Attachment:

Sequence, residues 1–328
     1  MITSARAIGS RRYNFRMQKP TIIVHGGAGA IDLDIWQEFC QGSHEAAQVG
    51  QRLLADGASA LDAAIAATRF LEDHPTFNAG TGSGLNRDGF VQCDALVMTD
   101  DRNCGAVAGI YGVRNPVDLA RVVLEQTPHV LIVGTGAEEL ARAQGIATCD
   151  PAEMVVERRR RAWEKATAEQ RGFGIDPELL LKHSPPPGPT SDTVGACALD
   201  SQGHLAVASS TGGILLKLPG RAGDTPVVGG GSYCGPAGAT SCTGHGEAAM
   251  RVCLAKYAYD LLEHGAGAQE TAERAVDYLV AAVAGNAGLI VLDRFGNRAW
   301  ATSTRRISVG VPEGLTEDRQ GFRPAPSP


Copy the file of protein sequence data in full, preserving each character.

Sequence, residues 1–328
     1  MITSARAIGS RRYNFRMQKP TIIVHGGAGA IDLDIWQEFC QGSHEAAQVG
    51  QRLLADGASA LDAAIAATRF LEDHPTFNAG TGSGLNRDGF VQCDALVMTD
   101  DRNCGAVAGI YGVRNPVDLA RVVLEQTPHV LIVGTGAEEL ARAQGIATCD
   151  PAEMVVERRR RAWEKATAEQ RGFGIDPELL LKHSPPPGPT SDTVGACALD
   201  SQGHLAVASS TGGILLKLPG RAGDTPVVGG GSYCGPAGAT SCTGHGEAAM
   251  RVCLAKYAYD LLEHGAGAQE TAERAVDYLV AAVAGNAGLI VLDRFGNRAW
   301  ATSTRRISVG VPEGLTEDRQ GFRPAPSP